By contributing the maximum allowed amount each year, you can take advantage of tax-free growth and withdrawals in retirement. It’s important to start contributing to a Roth IRA as early as possible to take full advantage of the power of compound interest.
Step 7) Make sure you invest 15% of your income for retirement:
When planning for retirement, investing 15% of your income is a good starting point. To reach this amount, you can first maximize contributions to your Roth IRA and take advantage of your employer’s 401k match. If necessary, additional funds can be allocated to your 401k to achieve this desired 15% overall investment.
However, it is important to remember that this is not a hard and fast rule and should be adjusted according to your own individual financial situation and retirement goals. Factors such as your age, income level, and retirement timeline should all be taken into consideration when determining the appropriate savings amount.
Step 8) Invest for long-term goals or pay off medium-interest debt:
Consider long-term goals and whether it’s more beneficial to pay off medium-interest debt or invest for the future.
Medium-interest debt is generally defined as loans with rates ranging from 6% to 8%, such as student loans, car loans, or personal loans. While paying off debt may offer a sense of immediate relief, investing for the long-term could provide greater financial security and increased returns in the future. This decision is especially relevant when aiming to achieve significant milestones, such as saving for a down payment on a home.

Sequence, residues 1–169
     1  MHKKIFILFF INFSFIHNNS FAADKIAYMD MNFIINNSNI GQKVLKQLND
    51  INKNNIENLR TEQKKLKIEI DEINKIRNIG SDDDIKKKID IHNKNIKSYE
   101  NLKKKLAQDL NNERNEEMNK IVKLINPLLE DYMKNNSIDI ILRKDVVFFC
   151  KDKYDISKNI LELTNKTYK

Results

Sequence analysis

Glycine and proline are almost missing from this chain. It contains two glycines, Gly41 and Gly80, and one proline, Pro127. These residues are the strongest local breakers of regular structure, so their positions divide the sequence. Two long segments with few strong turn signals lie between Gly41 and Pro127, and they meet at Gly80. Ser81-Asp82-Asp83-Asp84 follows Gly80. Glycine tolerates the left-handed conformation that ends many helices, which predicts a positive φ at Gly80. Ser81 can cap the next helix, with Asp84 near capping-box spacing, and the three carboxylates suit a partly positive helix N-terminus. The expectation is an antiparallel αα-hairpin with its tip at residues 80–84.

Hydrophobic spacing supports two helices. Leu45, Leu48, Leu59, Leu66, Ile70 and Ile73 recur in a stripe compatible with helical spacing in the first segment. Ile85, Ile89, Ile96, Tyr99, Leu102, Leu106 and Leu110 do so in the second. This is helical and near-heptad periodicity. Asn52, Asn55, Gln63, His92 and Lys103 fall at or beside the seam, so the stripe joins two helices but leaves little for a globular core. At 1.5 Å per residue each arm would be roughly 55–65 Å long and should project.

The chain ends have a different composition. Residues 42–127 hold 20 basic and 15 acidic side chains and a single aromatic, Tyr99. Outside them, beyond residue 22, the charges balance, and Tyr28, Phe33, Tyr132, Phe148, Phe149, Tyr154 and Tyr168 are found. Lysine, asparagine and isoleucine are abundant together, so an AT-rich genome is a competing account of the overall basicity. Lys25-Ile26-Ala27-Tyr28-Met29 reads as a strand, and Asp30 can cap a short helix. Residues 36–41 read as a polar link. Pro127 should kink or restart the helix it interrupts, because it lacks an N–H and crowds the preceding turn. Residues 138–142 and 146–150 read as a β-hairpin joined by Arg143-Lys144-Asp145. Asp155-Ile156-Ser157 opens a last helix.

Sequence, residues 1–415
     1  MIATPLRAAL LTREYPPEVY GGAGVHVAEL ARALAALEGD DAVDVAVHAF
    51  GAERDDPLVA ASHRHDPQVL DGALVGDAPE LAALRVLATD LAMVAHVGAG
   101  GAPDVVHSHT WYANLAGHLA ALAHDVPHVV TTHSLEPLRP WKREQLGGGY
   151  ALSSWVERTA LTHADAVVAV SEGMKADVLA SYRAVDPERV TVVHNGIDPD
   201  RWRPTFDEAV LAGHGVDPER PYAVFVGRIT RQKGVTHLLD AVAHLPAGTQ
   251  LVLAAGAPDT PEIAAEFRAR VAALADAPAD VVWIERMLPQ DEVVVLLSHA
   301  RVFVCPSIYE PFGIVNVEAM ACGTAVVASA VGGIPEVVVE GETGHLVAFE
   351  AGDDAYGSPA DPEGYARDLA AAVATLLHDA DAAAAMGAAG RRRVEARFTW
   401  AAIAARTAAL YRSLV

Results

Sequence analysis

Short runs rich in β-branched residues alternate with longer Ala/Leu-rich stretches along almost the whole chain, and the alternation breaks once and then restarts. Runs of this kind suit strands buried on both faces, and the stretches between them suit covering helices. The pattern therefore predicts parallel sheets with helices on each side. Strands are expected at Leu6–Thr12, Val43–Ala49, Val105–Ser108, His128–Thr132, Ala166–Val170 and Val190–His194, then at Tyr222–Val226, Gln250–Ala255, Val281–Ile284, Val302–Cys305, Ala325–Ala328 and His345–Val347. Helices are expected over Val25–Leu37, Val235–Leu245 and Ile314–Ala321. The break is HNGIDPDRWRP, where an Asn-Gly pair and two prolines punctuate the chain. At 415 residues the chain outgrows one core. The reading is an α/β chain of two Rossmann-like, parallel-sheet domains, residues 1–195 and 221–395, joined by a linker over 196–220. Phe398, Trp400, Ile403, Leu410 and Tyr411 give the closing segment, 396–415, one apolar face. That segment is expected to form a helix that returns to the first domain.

Step 9) Pay off low-interest debt:
Low-interest debt is debt with an interest rate lower than the expected rate of return on your investments. In general, it makes more sense to invest in something that earns more than the interest you’re paying on a low-interest debt.
If the debt’s interest rate is exceptionally low, it may be more beneficial to invest the extra funds in other areas, such as retirement savings or emergency funds. Conversely, if the debt’s interest rate is moderate or high, it’s best to prioritize paying it off to avoid accruing additional interest and compounding debt.
Step 10) Do whatever you want:
You can allocate your extra money towards whatever you want. It could be a dream vacation, a new car, a down payment on a house, or anything else that you have been saving up for. The choice is entirely personal and depends on individual preferences and goals.
You’ll be working for money your whole life unless you make money work for you. A clear roadmap can prioritize your spending and maximize your money.
Following the financial order of operations reduces stress and speeds up achieving your goals. It also guarantees a strong financial foundation that is essential for long-term success.
Keep in mind that the financial order of operations is a general guideline as everyone's financial situation is unique.
What financial order of operations has worked (or not worked) for you?